National Strategy Day 1 Overview 2013

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Transcript National Strategy Day 1 Overview 2013

Joyce Y. Johnson
 Dr.
Sylvia Flack welcomed us and provided a brief
history of the National Strategy and the Center of
Excellence for the Elimination of Health Disparities
– from which the National Strategy initiative was
The National Strategy focuses on building leaders
for the our Nursing programs to help programs and
students survive and thrive to produce a more
diverse workforce in Nursing
 Dr.
Shanita Williams, Chief, Nursing Practice and
Workforce Development Branch - HRSA defined the
 Dr. Williams discussed her multi-million dollar
portfolio —She needs to hear from us—get in touch
and keep in touch so we are well represented in the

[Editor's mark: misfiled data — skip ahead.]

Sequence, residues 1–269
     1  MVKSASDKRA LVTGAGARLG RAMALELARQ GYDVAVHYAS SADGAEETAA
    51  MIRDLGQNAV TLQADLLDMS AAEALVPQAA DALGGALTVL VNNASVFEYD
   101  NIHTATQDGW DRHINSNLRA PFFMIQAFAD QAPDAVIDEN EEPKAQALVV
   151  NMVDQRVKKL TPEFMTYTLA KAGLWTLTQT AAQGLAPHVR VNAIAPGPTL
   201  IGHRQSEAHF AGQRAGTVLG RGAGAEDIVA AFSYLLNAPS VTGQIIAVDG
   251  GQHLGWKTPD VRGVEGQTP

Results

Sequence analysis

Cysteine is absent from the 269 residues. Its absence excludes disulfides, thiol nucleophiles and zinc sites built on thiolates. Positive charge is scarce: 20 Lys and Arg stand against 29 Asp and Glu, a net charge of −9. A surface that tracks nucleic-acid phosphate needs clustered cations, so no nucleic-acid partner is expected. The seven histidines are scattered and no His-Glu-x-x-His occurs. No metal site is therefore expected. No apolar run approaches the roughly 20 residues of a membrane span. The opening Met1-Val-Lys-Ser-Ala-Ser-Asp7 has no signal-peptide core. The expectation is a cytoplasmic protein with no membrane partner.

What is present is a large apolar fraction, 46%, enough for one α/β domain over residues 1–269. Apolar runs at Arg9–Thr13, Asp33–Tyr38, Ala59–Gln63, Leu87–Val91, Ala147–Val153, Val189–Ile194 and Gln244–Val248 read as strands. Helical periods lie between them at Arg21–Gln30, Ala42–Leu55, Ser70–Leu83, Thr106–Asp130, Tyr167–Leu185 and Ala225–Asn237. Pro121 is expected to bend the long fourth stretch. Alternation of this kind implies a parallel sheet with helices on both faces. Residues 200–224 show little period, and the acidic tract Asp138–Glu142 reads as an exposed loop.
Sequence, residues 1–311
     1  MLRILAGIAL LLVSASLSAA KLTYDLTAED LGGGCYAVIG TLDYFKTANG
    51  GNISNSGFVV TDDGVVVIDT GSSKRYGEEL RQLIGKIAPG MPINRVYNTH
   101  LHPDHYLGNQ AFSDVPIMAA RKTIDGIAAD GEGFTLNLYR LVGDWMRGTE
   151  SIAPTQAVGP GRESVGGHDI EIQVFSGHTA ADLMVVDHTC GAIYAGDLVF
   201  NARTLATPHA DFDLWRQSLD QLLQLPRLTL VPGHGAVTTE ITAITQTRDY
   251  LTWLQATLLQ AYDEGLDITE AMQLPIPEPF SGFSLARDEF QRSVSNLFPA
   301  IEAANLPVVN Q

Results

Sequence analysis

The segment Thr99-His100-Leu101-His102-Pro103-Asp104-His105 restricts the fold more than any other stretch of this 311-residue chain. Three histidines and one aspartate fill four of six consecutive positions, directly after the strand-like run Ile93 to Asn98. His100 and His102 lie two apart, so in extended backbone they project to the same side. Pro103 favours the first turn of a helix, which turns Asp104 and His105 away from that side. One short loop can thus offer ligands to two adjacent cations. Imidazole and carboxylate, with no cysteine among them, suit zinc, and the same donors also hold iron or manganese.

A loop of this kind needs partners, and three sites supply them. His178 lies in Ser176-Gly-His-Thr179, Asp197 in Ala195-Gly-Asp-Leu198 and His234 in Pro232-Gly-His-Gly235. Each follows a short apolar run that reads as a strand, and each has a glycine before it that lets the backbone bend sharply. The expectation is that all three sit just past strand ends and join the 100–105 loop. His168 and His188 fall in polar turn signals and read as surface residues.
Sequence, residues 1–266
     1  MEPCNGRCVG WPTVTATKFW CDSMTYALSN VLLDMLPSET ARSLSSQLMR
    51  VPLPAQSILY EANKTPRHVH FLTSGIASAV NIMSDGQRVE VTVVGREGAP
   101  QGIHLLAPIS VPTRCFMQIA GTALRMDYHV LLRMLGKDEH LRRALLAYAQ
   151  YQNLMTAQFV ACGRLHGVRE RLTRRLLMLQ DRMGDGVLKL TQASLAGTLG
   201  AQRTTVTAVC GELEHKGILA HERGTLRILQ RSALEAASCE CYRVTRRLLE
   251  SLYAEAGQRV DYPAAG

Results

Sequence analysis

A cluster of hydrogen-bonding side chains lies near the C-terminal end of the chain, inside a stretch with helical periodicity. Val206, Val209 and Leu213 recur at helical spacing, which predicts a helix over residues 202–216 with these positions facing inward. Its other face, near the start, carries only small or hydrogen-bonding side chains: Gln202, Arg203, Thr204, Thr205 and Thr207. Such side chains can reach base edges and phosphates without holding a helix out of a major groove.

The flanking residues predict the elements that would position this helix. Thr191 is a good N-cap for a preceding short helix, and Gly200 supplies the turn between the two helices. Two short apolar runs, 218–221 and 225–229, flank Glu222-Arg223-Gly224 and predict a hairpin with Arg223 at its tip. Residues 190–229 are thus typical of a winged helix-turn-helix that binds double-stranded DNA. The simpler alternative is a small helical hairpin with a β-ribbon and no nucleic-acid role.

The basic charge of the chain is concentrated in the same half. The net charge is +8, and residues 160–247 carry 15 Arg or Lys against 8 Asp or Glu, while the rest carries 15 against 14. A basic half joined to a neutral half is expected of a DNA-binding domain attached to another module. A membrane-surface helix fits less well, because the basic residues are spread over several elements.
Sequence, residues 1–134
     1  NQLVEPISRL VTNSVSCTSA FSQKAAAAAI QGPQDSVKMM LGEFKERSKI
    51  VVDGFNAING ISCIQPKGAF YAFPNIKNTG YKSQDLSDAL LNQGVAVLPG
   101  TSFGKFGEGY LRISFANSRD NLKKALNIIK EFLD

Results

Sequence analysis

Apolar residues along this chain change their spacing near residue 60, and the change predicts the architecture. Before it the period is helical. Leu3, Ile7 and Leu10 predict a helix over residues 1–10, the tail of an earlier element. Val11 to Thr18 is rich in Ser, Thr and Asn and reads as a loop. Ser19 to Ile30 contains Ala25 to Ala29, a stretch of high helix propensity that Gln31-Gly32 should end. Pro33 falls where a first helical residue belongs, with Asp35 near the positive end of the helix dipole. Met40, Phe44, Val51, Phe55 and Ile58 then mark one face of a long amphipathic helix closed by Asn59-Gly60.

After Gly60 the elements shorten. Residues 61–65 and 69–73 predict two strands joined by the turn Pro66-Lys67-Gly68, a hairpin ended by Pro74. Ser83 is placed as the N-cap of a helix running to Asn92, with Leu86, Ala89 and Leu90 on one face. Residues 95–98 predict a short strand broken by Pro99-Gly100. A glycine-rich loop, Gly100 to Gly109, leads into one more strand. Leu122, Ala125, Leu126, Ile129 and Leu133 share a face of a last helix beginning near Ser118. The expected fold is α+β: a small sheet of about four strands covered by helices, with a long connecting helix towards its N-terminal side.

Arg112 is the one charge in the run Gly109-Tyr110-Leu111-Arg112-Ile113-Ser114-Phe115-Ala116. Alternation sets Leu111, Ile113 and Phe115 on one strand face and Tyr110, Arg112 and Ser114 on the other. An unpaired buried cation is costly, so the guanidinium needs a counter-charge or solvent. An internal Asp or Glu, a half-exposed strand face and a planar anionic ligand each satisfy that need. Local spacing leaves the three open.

funds distribution
 HRSA focusing on Health Inequities— historical
insults, elimination of health and health care
disparities –real and systematic and a significant
threat to public health
 Cascading strategic Initiative on Health Equity--branches
Nursing Workforce Development Program – recruit,
retain, and graduate nurses
shifting to focus from student alone to the structure
within the organization that is impeding the progress of
students (inflexibility). In the funding announcement –
social determinants are gaining prominence
 Best Practice models for reaching our minority students
and promoting success
 As leaders, must advocate for the needs of our programs
for support and seek assistance to help us submit
successful proposals for grant funds